A recent article by Mark Hulbert in the NYTimes talked about the Value Line's rankings, and how this system is under-performing the market index in recent years. Mr. Hulbert asked Professor David Aronson of Baruch College whether this drop in performance means that the system has stopped working. Prof. Aronson says no: he believes that it takes 10 or more years [my emphasis] of under-performance of this strategy before one can say that it has stopped working! This statement, if taken out-of-context, is so manifestly untrue that it warrants some elaboration.
To evaluate whether a strategy has failed bears a lot of resemblance to evaluating whether a particular trade has failed. In my previous article on stop-loss, I outlined a method to determine how long it takes before we should exit a losing trade. This has to do with the historical average holding period of similar trades. This kind of thinking can also be applied to a strategy as a whole. If your strategy, like the Value Line system, holds a position for months or even years before replacing it with others, then yes, it may take many years to find out if the system has finally stopped working. On the other hand, if your system holds a position for just hours, or maybe just minutes, then no, it takes only a few months to find out! Why? Those who are well-versed in statistics know that the larger the sample size (in this case, the number of trades), the smaller the percent deviation from the mean return.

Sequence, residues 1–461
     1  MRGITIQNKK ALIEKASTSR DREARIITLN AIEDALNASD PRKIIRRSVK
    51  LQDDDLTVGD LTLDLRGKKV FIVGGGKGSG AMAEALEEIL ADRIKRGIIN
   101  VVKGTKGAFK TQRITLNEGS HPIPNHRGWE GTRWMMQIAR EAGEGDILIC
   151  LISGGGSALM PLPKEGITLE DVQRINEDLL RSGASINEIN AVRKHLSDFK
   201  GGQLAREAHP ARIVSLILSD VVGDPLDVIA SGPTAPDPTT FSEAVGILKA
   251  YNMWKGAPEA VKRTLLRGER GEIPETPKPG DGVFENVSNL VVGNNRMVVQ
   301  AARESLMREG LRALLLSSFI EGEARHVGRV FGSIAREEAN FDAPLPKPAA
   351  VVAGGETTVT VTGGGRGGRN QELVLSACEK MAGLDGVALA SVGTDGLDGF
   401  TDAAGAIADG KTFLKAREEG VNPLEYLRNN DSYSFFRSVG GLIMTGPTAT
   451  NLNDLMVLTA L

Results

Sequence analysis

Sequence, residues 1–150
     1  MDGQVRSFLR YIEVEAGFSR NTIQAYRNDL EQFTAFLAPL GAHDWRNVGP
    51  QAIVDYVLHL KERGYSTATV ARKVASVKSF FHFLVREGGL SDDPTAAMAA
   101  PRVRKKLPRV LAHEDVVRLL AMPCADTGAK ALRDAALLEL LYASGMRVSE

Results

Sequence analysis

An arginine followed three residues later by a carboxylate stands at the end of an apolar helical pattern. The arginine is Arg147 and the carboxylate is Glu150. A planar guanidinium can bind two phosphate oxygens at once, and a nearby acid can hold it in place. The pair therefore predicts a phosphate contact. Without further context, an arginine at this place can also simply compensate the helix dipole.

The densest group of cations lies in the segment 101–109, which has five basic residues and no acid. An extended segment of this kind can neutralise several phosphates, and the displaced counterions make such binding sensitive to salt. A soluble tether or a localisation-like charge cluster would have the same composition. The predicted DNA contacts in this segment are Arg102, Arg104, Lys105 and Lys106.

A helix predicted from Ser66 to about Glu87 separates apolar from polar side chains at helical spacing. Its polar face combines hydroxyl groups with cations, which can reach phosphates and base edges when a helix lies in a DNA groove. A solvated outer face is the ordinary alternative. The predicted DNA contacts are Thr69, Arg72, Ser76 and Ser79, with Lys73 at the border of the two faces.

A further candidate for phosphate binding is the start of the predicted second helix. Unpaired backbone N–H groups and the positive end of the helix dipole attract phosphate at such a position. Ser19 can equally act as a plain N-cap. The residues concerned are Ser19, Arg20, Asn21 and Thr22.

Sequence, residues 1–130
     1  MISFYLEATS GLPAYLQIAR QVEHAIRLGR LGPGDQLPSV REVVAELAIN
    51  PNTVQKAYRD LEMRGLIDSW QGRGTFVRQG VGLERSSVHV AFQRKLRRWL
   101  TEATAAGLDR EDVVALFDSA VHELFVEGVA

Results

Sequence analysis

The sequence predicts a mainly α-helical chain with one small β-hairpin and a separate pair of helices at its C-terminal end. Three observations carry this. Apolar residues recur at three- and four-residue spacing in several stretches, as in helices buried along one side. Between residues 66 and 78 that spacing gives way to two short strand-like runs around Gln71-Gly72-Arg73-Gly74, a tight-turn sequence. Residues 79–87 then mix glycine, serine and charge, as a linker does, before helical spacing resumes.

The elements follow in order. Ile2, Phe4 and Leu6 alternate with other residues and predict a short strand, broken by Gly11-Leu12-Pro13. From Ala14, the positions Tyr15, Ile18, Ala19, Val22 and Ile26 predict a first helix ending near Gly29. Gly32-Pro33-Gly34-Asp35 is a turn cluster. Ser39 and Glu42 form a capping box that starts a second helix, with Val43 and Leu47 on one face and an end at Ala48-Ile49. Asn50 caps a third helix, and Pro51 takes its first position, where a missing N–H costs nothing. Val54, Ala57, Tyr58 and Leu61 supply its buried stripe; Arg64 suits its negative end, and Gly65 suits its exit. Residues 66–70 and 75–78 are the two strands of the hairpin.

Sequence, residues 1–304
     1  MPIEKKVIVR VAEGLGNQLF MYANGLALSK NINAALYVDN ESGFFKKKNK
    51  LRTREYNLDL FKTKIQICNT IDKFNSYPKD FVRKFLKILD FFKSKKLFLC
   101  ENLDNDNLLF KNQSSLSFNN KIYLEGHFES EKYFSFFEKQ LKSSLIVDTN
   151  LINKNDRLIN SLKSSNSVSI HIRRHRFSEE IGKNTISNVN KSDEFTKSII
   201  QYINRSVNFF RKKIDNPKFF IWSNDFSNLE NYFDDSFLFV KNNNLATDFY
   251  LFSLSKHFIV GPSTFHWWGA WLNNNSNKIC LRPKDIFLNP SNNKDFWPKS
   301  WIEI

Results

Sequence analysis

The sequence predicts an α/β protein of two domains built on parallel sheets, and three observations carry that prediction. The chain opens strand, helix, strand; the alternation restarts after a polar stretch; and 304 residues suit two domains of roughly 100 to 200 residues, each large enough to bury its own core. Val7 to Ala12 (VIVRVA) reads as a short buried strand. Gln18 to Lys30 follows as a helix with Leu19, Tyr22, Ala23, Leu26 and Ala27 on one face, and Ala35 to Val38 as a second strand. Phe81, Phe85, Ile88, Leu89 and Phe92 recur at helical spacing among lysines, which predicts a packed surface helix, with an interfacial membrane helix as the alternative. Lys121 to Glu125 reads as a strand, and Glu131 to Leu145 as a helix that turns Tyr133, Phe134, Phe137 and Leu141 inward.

Which brings me to day-trading. In the popular press, day-trading has been given a bad-name. Everyone seems to think that those people who sit in sordid offices buying and selling stocks every minute and never holding over-night positions are no better than gamblers. And we all know how gamblers end up, right? Let me tell you a little secret: in my years working for hedge funds and prop-trading groups in investment banks, I have seen all kinds of trading strategies. In 100% of the cases, traders who have achieved spectacularly high Sharpe ratio (like 6 or higher), with minimal drawdown, are day-traders.